In the sport of weightlifting, the key requirement of a successful lift in competition is to lift the barbell to the full extent of the arms, while under control. As such, the elbows and their associated ligaments and tendons have to be healthy if you intend to consistently get three white lights from the referees.

 

While this is important for both the snatch and the jerk, it is in the latter lift where problems occur most often. This is due to the fact that jerk weights are about 25% heavier. It is a shame to see a lifter pull a huge weight and then at the moment of it going overhead have the bar stopped before getting to arm’s length. And contrary to popular opinion the referees do not like giving red lights for this, but that is their job.

 

 

Breaking Muscle Shop

This condition is popularly referred to as "having bad elbows" but is more scientifically labeled as incomplete shoulder articulation. In weightlifting competition, this will lead to both incomplete lockouts and re-bend problems. Re-bends occur when the bar does go to full elbow extension, but then the elbows do not maintain that position and re-bend slightly so the lifter has to press out the bar to get back to full extension. More red lights.

 

This problem seldom affects younger lifters other than those with previous elbow injuries. Among older lifters there are two groups that most often seem to have this problem.

 

1. Athletes Who Began in Bodybuilding

In bodybuilding-style training, athletes strive to keep their muscles under tension as much as possible in order to increase hypertrophy. Locking the joints takes the tension off, so they try to avoid this. This is fine in bodybuilding, but not in strength training. Training extensively this way over a number of years will eventually result in elbows that have difficulty locking out.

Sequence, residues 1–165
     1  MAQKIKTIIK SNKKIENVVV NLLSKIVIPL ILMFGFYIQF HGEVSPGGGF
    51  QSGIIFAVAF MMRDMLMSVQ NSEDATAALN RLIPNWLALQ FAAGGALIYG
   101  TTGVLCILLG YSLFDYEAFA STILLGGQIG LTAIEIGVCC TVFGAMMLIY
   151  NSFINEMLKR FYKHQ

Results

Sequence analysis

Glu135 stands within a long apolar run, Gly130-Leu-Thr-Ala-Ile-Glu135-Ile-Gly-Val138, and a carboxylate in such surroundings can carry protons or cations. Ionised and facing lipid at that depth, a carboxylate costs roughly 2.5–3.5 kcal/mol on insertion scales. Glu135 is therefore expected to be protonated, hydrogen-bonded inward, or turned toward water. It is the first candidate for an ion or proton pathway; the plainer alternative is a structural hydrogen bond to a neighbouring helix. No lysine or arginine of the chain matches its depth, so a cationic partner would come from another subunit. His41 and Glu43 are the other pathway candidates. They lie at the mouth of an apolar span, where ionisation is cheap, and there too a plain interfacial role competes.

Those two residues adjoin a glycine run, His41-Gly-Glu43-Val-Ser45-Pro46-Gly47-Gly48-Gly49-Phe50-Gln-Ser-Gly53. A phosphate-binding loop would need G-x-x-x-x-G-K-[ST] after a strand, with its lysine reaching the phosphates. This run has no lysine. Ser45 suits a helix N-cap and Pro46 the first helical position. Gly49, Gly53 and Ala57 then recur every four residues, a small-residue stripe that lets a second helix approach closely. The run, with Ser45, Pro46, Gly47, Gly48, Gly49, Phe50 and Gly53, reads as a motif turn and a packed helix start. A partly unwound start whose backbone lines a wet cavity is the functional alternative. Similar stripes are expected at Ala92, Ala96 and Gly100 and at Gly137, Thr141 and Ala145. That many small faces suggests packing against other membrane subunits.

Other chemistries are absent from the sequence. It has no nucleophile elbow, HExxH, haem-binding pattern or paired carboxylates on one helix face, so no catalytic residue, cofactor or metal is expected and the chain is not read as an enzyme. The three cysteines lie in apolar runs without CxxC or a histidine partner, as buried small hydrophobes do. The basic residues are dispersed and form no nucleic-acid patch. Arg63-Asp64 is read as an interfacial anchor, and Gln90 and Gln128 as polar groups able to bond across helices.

"You see many bodybuilders bench pressing a bar only about three quarters of the way and then returning to do the next rep. This is not how any lifters should train."

The biggest cause of future jerking problems is probably arm curls. Bodybuilders do a lot of arm curls so many of them eventually have troubles locking out. This won’t bother them as bodybuilders, but those who try to convert to weightlifting or powerlifting are going to have problems.

 

I remember one Olympic weightlifter who had apparently done many curls along with his regular training lifts. In doing so, he had developed a huge set of biceps. He arm pulled an easy 170kg snatch at the Olympics and was in position to medal. Instead, he missed all three jerks because he could not hold 200kg overhead despite having made easy cleans. His lockout was sufficient to hold the lighter snatches but not his jerks. Arm pulling is not how you should pull in weightlifting, but his arms were so strong that he could succeed even with that flaw. But it was his undoing when it came to the basic task of totalling.

 

2. Athletes With Tendon or Ligament Injuries

With proper therapy these injuries can sometimes be overcome, at least for a time. But what often happens is that these injuries reassert themselves as the lifter ages, and the lifter unconsciously avoids locking out fully.

 

"The back injuries didn’t stop him, but the elbow ones eventually did. He just could not hold jerks anymore."

A good example was the great Norbert Schemansky of the United States. In his younger years, he could jerk anything that wasn’t nailed down, though his press was relatively weak. In his late thirties, while still an elite competitor, he gained some bodyweight, which really helped his press. But he had also gone through a number of elbow injuries, not to mention two spinal fusions. The back injuries didn’t stop him, but the elbow ones eventually did. He just could not hold jerks anymore. In fact, in one of his final contests he pressed more than he jerked.

 

Normal Schemansky (far right) at the 1960 Summer Olympics in Italy.

 

How to Avoid Problems